For every champion, there will always be contenders who vie for the chance to knock them off the pedestal. Since the beginning of time, the vaunted champion in both sales and performance in the entry-level luxury category has been the BMW 3 Series. No one has been perfectly capable of matching the Munich magic that BMW engineers somehow managed to infuse into the RWD 3 Series spot-on balance or comfortable cruising and outright performance when the road turns curvy. Oh sure, there have been many pretenders to the crown with new ones popping up seemingly everyday (the new Cadillac ATS is the latest to take a shot) but arguably, no-one has come closer than Nissan’s luxury division, Infiniti. When it introduced its G sedan at the beginning of this century, here was a car that at the time, almost matched the BMW’s level of refinement, luxury and handling, while coming in at a lower price. Since then, the 3 Series has undergone two redesigns with the latest F30 model introduced in early 2012 and the coupe version (perhaps being rechristened the 4 Series) coming next year. Infiniti will also have a new G sedan and coupe debuting next year but for now, we have the G37 Coupe which was introduced in 2008 to take on the then-new E90 3 Series. Did it hit the mark? Does it still have what it takes to give the new 3 Series a bloody nose?
|2011 Infiniti G37S Coupe|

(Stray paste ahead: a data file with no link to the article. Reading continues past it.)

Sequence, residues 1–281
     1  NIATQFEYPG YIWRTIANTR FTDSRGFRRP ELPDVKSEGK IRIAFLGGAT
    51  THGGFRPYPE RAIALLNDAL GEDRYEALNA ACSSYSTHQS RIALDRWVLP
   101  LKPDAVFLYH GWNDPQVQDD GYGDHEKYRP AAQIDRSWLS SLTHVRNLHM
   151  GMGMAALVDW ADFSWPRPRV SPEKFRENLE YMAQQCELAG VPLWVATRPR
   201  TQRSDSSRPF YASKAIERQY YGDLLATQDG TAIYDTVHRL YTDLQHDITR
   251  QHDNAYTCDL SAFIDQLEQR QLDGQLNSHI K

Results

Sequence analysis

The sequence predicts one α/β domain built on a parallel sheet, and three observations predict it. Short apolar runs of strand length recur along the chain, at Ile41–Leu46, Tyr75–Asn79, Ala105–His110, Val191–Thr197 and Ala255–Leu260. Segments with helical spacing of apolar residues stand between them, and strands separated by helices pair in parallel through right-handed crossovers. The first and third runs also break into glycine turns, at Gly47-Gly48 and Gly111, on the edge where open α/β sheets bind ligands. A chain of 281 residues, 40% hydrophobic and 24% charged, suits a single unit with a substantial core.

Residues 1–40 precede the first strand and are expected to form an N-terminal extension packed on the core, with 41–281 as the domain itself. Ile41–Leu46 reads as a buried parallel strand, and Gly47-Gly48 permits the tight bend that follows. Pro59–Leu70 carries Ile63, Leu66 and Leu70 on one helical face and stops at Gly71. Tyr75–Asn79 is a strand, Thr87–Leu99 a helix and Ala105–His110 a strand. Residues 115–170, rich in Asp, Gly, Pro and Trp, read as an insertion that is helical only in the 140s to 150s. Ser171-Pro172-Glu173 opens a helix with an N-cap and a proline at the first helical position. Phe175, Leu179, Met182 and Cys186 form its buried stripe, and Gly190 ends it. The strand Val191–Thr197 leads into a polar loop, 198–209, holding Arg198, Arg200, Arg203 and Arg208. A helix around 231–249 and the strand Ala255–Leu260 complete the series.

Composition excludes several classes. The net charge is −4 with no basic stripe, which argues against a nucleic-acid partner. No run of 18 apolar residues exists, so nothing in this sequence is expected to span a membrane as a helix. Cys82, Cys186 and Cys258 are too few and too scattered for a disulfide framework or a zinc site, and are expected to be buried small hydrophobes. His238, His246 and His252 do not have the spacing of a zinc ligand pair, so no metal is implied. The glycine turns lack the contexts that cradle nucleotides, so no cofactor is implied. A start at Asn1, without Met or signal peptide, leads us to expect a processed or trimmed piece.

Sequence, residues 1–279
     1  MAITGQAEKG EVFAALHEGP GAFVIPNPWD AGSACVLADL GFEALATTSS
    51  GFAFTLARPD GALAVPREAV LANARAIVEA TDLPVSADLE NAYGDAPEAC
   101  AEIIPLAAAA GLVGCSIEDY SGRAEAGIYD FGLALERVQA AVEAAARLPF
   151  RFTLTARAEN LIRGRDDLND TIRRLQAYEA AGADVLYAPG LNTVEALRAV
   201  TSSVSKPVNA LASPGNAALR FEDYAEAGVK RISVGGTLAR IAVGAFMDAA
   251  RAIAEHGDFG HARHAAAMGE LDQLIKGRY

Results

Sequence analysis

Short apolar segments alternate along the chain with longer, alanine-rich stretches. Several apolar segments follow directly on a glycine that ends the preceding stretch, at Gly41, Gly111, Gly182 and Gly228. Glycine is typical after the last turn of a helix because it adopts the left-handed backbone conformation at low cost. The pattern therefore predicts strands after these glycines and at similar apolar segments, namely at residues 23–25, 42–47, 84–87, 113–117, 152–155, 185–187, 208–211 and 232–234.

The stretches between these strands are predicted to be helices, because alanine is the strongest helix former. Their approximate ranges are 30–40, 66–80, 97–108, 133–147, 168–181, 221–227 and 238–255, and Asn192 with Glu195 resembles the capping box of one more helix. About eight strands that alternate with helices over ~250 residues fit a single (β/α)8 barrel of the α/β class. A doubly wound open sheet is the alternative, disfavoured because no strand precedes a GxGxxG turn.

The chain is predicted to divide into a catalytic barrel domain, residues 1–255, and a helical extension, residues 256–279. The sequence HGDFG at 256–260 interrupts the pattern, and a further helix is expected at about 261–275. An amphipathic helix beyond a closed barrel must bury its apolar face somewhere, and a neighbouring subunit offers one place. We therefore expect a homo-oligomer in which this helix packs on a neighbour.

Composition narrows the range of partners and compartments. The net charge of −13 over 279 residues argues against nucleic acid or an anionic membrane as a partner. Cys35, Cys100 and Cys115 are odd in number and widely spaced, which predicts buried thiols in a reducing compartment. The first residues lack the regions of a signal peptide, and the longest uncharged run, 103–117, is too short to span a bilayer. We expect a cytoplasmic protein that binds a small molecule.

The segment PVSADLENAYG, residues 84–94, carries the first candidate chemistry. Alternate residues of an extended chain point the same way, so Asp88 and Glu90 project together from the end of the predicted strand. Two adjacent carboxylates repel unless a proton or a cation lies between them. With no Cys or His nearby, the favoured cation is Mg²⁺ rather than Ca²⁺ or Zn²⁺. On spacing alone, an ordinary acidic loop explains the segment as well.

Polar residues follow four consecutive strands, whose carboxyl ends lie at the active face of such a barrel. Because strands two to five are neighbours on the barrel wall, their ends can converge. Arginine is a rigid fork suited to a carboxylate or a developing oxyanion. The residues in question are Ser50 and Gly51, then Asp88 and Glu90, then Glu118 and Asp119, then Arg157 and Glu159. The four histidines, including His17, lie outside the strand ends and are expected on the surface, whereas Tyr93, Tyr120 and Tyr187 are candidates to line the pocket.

Not often does one walk up to a car and think, “this will be a good drive.” The G37’s styling surely makes that impression. Its flowing lines and hunkered down stance has presence, like a predator just before the pounce. It’s a classically proportioned RWD coupe, short rear deck, wide stance and long hood.While the first G35 Coupe was a well-styled car in itself with straightforward lines and simple elegance, the G37 puffs them out a bit. Like adding sinewy muscle to a basic shape. It’s a curvaceous styling treatment that has aged well four years on. Up front, the Infiniti grille sits prominently, flanked by stylized headlamp clusters with standard Xenon lights and engine cooling ducts below. The wheelbase is long for a coupe, bookended by sharp-looking 19″ wheels. Out back, large twin exhaust tips peek out from under the valance and announce the presence of Infiniti’s corporate VQ Series 3.7 V6 under the sloping hood with pronounced authority. A stroked version of the previous model’s 3.5, this iteration now stomps out 330hp (up 40hp) and 270lb-ft of torque. In this particular G37, that power is routed through a 7 speed automatic with sequential shifting via either the shifter or twin paddles on the steering wheel. Inside, are well bolstered, multi-adjustable leather seats with memory functions that are as comfortable as they are supportive. The cabin is laid out with soft touch surfaces all around and are of higher quality than the previous G35, which was routinely panned for its questionable build quality. Our model was fitted with an excellent navigation, Bluetooth, AUX connectivity, steering wheel controls and a powerful Bose audio system. The navigation system was easy to use and the center console is logically laid so finding the right button or knob was pretty easy.